Chiropractor: Job Duties, Employment Outlook, and Educational Requirements

Explore the career requirements for chiropractors. Get the facts about job duties, education, licensing requirements and job growth to determine if this is the right career for you. Schools offering Allied Health degrees can also be found in these popular choices.

What Is a Chiropractor?

A chiropractor manipulates or adjusts the spine and other skeletal joints to correct misalignments that can cause health problems in the musculoskeletal and nervous systems. Like medical doctors, they need to assess a patient's medical history and conduct medical interviews to assess a patient's condition. They must also be able to assess the placement of the spine and other joints to find misalignments and then adjust them by hand. These doctors may also use x-rays. The following chart provides an overview about a career as a chiropractor.

Degree Required Doctor of Chiropractic (D.C.)
Training Required Minimum of one-year supervised clinical-based patient care
Licensure All states require chiropractors to be licensed
Key Responsibilities Perform physical examination and evaluate patient's spine, posture and reflexes to arrive at diagnosis; take and analyze patient x-rays; perform neuromusculoskeletal therapy and manipulation as well as heat and other treatments; counsel patients on nutrition, exercise and healthcare
Projected Job Growth (2018-2028) 7%*
Median Salary (2018) $71,410*

Source: *U.S. Bureau of Labor Statistics (BLS)

What Job Duties Might I Have as a Chiropractor?

Your primary duty as a chiropractor will be providing natural and non-invasive treatments to improve the health of your patients. You'll examine patients, perform laboratory tests and order x-rays in order to analyze the position of the spine. Such methods of examination help you ascertain whether your patients suffer from any diseases or spinal fractures. When a patient's medical problems are caused by a maladjusted spinal column, you will realign the spinal joints to alleviate or reduce back and neck pain, headaches and other conditions. You may use braces or tape to provide extra support for patients.

Typically, you'll use a variety of therapies when treating your patients, including those utilizing water, heat, acupuncture, ultrasound and massage. Another aspect of your job will involve counseling your patients on matters such as stress management, exercise, nutrition and healthy lifestyles. When appropriate, you may refer patients to other health care providers. Some areas you might specialize in as a chiropractor include pediatrics, internal disorders and neurology.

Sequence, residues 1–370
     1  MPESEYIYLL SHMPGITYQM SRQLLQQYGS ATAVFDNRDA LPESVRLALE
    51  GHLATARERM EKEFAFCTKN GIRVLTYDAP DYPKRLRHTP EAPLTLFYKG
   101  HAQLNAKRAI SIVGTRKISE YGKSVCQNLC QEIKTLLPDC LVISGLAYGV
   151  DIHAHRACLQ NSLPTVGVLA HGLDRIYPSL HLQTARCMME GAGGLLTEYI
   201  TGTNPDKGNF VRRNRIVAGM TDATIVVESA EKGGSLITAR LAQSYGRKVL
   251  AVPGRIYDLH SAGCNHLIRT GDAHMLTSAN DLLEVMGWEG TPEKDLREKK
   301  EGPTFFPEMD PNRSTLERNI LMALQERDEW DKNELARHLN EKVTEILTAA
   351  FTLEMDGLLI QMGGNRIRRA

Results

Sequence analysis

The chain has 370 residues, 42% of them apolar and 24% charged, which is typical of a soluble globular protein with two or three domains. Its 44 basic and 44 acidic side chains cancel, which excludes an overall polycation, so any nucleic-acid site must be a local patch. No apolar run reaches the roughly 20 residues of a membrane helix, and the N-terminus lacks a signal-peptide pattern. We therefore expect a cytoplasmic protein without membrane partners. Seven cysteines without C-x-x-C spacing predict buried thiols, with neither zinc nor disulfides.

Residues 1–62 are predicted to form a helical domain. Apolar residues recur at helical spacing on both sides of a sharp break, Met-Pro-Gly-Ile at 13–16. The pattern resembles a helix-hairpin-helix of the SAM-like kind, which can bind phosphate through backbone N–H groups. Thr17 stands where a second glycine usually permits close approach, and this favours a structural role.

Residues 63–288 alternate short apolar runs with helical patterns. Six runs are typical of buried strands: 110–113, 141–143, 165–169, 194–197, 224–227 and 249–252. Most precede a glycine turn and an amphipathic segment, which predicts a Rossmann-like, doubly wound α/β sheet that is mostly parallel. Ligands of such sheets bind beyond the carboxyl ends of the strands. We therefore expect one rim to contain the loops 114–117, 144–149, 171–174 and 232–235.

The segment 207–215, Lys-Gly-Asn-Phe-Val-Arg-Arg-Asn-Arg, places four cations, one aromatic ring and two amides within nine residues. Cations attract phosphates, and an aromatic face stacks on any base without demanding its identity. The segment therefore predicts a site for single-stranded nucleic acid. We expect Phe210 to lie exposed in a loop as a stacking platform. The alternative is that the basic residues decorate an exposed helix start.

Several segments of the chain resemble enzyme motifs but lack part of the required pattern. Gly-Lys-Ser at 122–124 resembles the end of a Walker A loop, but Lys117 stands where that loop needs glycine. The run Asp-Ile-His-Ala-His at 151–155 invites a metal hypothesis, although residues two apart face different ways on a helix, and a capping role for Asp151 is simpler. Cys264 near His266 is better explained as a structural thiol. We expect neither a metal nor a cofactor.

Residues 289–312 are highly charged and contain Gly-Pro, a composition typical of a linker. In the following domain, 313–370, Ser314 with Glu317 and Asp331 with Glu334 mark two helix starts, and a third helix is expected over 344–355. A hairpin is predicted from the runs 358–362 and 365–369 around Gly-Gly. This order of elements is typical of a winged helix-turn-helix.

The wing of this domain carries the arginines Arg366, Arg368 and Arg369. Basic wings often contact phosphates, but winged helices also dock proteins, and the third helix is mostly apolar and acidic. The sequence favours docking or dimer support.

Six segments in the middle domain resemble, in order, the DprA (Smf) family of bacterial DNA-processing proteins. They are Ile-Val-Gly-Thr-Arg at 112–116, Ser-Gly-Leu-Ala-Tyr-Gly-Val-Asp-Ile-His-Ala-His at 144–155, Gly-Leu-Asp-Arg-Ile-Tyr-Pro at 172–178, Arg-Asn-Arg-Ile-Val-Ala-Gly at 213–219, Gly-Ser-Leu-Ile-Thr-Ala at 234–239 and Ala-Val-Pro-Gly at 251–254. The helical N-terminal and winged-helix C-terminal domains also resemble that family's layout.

What is the Employment Outlook?

According to the U.S. Bureau of Labor Statistics (BLS), chiropractors expected a 7% increase in hiring between 2018 and 2028, and job prospects were projected to be favorable. Reasons for such rapid growth included an increased demand for alternative health care among Americans who were concerned with health and fitness. Additionally, more insurance policies began covering chiropractic care, making it more accessible and affordable. Jobs were expected to be especially plentiful for chiropractors specializing in pediatric and geriatric care.

What Educational Requirements Must I Satisfy?

Chiropractors must meet strict educational requirements. As you pursue chiropractic educational training, you will first need to obtain either an associate's or a bachelor's degree. According to the BLS, 4-year bachelor's degrees may become the minimum standard for chiropractors. Some colleges may have pre-chiropractic programs of study. Otherwise, ensure that your undergraduate education encompasses topics such as chemistry, psychology, physics, English and humanities.

Once you have earned an undergraduate degree, you'll need to enroll in a 4-year chiropractic program. As of 2016, the Council on Chiropractic Education accredited approximately 15 chiropractic programs in the U.S. Chiropractic programs consist of about 4,200 hours of education.

The first two years of your chiropractic program will focus on both laboratory and classroom training, and you'll study subject such as physiology, microbiology, biochemistry and public health. During the third and fourth years, your classes might include clinical experience in the areas of geriatrics, nutrition, laboratory diagnosis and orthopedics. Upon completion of your studies, you will receive the Doctor of Chiropractic (D.C.) credential.

Will I Need to Be Licensed?

According to state laws, prior to becoming a practicing chiropractor, you must become licensed. Depending on the state you reside in, licensing may be awarded by the National Board of Chiropractic Examiners (NBCE), or states may give their own examinations according to their requirements. The NBCE licensing examination consists of three written parts, along with a practical section. The NBCE also offers optional sections that cover acupuncture and physiotherapy.

What Are Some Related Alternative Careers?

Some related careers include those of athletic trainers, exercise physiologists and physical therapists. Athletic trainers are responsible for helping their clients prevent muscle and bone injuries and illnesses. In the event of an injury or illness, they are responsible for diagnosing and treating it. Exercise physiologists help patients develop exercise routines that promote recovery from a chronic disease, while improving cardiovascular functions, body composition and flexibility. Physical therapists have a similar task, but focus on rehabilitating movement and reducing pain. While exercise physiologists and athletic trainers only need to earn a bachelor's degree, physical therapists typically hold a doctoral degree.

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